This variant is not a new wave of COVID, but a tsunami
By Angela Rogalski
The Bolivar Bullet
From Alpha to Delta and now Omicron, COVID-19 variants are continuing to mutate, causing surges and health havocs with each one. And unfortunately, Omicron has proven to be right on track with the pattern, bringing positivity rates up in some cases over 30%.
Dr. Scott Nelson is a Board-Certified Family Medicine physician in Cleveland. Nelson said the Omicron variant is definitely making a big difference in the numbers when it comes to positive cases of COVID.
“When people ask me about this new “wave” of COVID, I tell them it’s not a new wave, it’s a tsunami,” said Nelson. “The Omicron variant is making up roughly about two-thirds of the new cases that are being reported in Mississippi. For example, the morning of January 5, 2022, we were looking at a little over 4,800 new cases just that day. So that is a massive spike in cases going on in Mississippi.”
Nelson said people can go to the Mississippi State Department of Health’s website https://msdh.ms.gov and track the daily case numbers.
Nelson said that we weren’t anywhere near the end of this particular surge, “We have weeks and weeks to go before this Omicron wave begins to settle down.”
And, with Omicron being much more contagious, Nelson stresses getting your vaccines, boosters, wearing a mask when indicated, washing your hands often and social distancing has never been more important.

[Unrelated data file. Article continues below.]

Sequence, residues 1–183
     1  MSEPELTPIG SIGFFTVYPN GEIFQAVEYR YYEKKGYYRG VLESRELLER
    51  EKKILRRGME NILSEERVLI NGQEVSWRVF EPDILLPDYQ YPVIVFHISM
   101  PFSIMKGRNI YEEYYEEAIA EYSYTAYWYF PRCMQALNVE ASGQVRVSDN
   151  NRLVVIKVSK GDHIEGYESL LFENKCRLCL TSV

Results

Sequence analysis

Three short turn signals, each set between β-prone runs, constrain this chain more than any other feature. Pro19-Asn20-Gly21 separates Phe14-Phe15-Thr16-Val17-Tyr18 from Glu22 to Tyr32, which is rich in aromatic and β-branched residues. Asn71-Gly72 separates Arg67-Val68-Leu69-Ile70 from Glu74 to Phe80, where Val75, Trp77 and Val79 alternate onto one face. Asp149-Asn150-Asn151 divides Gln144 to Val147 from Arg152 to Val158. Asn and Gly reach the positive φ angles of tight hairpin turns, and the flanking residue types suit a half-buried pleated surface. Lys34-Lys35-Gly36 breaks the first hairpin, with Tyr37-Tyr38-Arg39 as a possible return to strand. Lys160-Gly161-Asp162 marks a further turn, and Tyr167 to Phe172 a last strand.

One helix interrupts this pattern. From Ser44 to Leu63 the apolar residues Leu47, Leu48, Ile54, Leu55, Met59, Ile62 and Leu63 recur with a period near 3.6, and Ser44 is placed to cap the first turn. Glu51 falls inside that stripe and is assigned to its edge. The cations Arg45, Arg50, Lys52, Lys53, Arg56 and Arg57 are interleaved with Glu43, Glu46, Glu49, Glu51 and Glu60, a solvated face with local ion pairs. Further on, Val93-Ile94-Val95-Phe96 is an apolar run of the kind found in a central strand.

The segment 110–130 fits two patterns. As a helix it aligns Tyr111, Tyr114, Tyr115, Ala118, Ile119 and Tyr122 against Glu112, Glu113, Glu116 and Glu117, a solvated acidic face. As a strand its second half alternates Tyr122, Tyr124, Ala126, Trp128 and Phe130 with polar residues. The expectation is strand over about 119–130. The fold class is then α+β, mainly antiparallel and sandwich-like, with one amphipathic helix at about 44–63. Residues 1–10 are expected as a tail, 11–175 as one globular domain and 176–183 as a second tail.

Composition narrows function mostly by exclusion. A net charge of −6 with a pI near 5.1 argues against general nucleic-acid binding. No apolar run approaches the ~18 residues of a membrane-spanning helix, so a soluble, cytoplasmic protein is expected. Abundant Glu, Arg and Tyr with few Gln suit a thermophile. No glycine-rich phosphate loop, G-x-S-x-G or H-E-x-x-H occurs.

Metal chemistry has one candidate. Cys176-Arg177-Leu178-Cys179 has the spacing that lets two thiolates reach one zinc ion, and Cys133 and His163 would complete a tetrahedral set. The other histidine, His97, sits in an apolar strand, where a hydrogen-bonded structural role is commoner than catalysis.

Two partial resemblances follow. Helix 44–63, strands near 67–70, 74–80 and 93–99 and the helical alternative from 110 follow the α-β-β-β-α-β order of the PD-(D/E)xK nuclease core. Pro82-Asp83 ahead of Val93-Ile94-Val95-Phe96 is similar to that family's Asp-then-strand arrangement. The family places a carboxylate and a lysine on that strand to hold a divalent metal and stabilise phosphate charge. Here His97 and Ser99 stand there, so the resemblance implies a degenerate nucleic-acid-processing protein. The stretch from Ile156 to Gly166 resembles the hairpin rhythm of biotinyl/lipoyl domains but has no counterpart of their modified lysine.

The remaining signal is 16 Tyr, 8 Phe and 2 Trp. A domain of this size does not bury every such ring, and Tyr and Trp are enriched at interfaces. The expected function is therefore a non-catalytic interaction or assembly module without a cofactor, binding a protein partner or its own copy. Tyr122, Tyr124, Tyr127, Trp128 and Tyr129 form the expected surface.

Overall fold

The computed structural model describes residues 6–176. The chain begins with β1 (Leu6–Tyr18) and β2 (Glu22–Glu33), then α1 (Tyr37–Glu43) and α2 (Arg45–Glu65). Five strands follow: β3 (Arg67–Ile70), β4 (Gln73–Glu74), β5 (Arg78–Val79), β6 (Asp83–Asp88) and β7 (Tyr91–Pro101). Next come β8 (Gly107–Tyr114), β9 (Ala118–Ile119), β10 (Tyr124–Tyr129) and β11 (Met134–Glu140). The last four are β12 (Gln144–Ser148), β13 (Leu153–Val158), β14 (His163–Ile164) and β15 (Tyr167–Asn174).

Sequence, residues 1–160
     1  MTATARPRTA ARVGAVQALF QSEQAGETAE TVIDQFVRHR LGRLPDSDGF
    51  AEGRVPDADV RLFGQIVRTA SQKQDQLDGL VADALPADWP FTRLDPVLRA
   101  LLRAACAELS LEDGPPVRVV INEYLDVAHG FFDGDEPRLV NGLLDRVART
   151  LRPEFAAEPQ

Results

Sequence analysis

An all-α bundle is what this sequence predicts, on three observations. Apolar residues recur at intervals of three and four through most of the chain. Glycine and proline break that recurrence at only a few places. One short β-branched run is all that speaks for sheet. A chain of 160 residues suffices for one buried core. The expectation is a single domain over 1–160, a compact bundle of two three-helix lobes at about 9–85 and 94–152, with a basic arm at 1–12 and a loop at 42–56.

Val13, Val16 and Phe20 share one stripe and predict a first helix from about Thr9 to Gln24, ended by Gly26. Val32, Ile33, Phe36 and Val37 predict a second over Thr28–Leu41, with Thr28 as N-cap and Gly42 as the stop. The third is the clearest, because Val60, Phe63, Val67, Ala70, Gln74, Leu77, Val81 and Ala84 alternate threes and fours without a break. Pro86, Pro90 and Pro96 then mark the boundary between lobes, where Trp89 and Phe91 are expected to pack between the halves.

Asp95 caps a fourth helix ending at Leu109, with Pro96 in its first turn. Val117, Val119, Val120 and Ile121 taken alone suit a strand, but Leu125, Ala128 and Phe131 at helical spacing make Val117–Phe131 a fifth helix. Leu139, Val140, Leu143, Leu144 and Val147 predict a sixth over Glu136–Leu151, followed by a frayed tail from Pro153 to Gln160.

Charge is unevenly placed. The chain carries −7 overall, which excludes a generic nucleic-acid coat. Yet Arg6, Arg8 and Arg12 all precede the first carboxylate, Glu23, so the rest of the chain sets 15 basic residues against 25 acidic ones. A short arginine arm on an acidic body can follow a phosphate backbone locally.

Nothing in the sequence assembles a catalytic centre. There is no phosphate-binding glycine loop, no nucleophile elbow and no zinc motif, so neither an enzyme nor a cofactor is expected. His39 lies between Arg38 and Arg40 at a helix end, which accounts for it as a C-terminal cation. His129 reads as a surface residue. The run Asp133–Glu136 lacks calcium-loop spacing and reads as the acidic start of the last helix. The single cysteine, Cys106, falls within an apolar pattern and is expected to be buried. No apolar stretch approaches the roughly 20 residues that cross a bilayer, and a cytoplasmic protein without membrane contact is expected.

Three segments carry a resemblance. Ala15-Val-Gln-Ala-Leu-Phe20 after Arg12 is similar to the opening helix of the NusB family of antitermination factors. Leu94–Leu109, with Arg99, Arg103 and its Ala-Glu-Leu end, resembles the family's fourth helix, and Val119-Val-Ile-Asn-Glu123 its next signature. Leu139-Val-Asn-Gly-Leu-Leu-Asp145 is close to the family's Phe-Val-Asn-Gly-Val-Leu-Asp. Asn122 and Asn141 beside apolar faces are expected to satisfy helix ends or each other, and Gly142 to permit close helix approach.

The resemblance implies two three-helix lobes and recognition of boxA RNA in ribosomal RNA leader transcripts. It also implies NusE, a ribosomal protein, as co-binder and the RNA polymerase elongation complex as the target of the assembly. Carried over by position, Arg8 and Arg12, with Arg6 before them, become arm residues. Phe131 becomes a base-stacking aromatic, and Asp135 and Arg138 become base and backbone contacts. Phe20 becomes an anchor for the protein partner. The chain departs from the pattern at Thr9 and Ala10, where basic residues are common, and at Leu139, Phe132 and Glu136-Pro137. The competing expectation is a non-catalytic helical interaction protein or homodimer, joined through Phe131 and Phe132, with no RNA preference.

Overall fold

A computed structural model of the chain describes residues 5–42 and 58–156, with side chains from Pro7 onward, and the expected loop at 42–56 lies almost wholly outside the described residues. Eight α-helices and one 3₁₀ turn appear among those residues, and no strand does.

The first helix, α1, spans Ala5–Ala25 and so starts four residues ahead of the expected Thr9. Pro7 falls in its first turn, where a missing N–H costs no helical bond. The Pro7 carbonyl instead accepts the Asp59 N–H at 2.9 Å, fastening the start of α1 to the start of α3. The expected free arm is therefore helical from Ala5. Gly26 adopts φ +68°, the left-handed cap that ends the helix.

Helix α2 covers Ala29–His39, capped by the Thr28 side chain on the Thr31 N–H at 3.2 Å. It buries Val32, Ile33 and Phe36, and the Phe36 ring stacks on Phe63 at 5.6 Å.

“Its mutation has caused it to be much more contagious, some studies have estimated at least 50% more than the Delta variant, but it does seem to have a silver lining in that in the preliminary findings it seems to be somewhat less severe. Of course, being fully vaccinated and getting your booster plays into that severity. So, get your vaccinations and your boosters because we do know that if you’ve been vaccinated and if you have some prior immunity, even from a natural infection, it appears your risk of getting seriously ill is substantially less than someone who has no immunity.”
Ashley Williams is director of Infection Prevention and Employee Health at North Sunflower Medical Center. Williams said at NSMC, Omicron has sent positivity rates soaring to new heights.
“We’re doing rapid antigen tests on our patients right now,” she explained. “So we can get results back on that pretty quickly. However, with the volume of people we are seeing, those wait times can be longer. We cannot detect the type of variant we’re seeing with this test, but I can tell you that this increase in positivity rates started very suddenly for us when the Omicron variant was detected.
“For me, I came in the Monday before Christmas and things were pretty normal; I had three positives that day, nothing too extreme. By the next day, the positive cases doubled. But, on December 23, I had 16 positives out of 123 tests, so that was a 13% positivity rate. On December 24, it was 34 positives. We jumped from 13% to 24%. At present, I’m up to 120 positives per day and we’re running about 25 to 30 positivity rate daily. To put those numbers into perspective, for the entire month of November we tested a total of 1,405 people and only three percent were positive. So, it definitely jumped and it had to be the Omicron because what we’re seeing is a variant that studies say is 50 to 70 times more contagious than the other variants. So get vaccinated, get your booster and practice social distancing. Masks and good hand hygiene are important too.”